What are an agent’s duties when elevated radon levels are detected?

QUESTION: My seller-client entered into a contract to sell her property. During the due diligence period, the buyer ordered a radon test. The Radon Level Report has a summary page showing an average radon concentration level below the EPA Action Level of 4. However, the report includes a graph showing hourly concentration levels, and some of those hourly levels were over 4. The buyer decided to back out. Is the seller now required to install a radon mitigation system? And are the reported radon levels a material fact that either the seller or I have to disclose to future buyers?

ANSWER:  The answer to your first question is no. In order to reduce the risk of lung cancer, the U.S. Environmental Protection Agency has established a recommended “action level” for homes with an elevated radon level. Specifically, the EPA strongly urges that homeowners take measures to mitigate the radon levels in their homes if the average interior radon level exceeds 4.0 picocuries per liter of air. In your case, since the average radon level is below 4, the EPA’s recommended action level has not been triggered. Furthermore, while the EPA has issued recommendations regarding radon mitigation, there are no federal or state laws mandating such action by homeowners.

The answer to your second question is also no. As for your seller, agents are likely aware that radon is one of the topics addressed in the Residential Property and Owners’ Association Disclosure Statement (the “RPOADS”). Paragraph 25 of that form asks whether the owner has actual knowledge that there are hazardous substances affecting the property, such as radon gas, which exceed government safety standards. As with virtually all the questions in the RPOADS, sellers can always choose to answer that question by checking the no representation box. In your case, since the average radon level did not exceed the applicable government standard (the EPA action level), you can advise your client that “no” would also be an acceptable answer.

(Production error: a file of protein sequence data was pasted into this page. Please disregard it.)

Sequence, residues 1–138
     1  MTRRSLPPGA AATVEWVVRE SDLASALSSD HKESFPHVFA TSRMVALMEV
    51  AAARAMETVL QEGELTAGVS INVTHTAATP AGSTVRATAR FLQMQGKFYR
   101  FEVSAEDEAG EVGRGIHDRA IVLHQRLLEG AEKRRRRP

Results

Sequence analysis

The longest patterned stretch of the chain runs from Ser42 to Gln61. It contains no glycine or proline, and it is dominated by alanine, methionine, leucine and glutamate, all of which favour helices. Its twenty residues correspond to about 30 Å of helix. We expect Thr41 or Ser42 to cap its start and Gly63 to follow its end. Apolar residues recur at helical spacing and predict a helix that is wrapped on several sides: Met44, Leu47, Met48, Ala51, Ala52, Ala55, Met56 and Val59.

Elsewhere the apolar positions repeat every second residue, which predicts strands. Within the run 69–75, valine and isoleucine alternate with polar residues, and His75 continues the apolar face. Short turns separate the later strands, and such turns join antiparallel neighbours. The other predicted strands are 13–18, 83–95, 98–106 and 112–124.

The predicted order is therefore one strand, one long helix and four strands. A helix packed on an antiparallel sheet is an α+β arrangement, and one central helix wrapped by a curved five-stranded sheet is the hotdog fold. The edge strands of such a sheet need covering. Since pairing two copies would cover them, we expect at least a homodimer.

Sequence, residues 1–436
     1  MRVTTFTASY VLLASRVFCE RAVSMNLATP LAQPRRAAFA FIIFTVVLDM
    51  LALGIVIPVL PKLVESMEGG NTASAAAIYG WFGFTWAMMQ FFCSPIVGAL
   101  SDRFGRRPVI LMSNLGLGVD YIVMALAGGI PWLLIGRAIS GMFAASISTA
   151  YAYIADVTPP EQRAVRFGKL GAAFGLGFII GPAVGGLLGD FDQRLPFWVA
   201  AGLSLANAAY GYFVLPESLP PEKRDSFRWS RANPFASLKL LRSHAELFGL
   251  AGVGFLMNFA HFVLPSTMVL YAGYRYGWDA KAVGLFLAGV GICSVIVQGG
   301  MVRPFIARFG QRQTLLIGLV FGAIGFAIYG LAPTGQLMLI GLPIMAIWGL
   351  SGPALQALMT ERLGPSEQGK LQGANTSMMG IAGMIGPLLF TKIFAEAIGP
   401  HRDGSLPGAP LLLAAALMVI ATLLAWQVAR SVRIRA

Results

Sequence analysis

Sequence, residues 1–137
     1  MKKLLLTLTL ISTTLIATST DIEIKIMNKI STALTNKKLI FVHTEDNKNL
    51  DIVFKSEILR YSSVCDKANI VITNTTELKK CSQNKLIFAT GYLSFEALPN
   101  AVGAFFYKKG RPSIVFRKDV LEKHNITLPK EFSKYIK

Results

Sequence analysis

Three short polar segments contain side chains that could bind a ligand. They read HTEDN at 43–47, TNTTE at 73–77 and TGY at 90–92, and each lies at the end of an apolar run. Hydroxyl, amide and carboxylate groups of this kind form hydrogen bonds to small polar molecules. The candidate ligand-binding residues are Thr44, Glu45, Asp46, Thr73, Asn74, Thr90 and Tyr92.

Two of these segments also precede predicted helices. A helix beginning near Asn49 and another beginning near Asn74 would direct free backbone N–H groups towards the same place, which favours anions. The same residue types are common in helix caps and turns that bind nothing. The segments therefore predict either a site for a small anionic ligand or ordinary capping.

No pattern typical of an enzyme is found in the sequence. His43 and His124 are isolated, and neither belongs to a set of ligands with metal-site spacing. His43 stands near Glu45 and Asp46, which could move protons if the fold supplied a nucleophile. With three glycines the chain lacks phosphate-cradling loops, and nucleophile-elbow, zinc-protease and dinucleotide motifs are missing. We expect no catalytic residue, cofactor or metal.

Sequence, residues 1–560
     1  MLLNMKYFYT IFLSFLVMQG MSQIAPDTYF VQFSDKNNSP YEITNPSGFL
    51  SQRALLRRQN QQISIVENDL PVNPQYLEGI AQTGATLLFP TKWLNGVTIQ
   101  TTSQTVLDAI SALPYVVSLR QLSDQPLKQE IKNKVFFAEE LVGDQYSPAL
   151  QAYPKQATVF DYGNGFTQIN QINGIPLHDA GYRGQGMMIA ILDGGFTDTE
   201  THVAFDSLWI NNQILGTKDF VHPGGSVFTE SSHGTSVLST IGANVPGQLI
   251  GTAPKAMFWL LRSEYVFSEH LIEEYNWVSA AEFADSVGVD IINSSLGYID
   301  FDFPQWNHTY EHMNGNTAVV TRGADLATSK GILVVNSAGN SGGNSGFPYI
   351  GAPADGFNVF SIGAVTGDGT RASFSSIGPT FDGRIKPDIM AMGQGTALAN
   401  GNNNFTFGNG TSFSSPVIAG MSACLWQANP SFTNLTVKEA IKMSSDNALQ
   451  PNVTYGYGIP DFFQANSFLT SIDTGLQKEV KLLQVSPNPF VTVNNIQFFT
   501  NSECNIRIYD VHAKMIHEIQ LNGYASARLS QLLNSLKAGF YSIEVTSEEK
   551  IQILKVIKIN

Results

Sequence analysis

As for your obligation, the North Carolina Real Estate Commission has made it clear that if a broker knows – or reasonably should know – that a property’s radon level meets or exceeds the EPA’s action level, the broker must disclose that fact to all clients and to all other parties to a transaction. This obligation applies to both sales and lease transactions.

The EPA has written that because radon levels tend to vary from season to season and from day to day, a short-term test is less likely than a long-term test to reveal the “year-round average radon level.” In fact, radon levels can vary dramatically from hour to hour. Factors that influence radon levels include heavy rains, strong winds and temperature. In hot weather, radon decays more quickly and interior radon levels decrease. In contrast, heavy rains cause interior levels to increase. Because of these variations, the EPA’s Home Buyer’s and Seller’s Guide to Radon states that all radon tests should be taken for a minimum of 48 hours. A copy of that guide is available here. It is the average level of radon detected over the testing period that determines whether the EPA’s action level has been triggered. Under the Real Estate Commission’s guidance, if the property’s radon level meets or exceeds that action level, it is a material fact that licensed agents must disclose.

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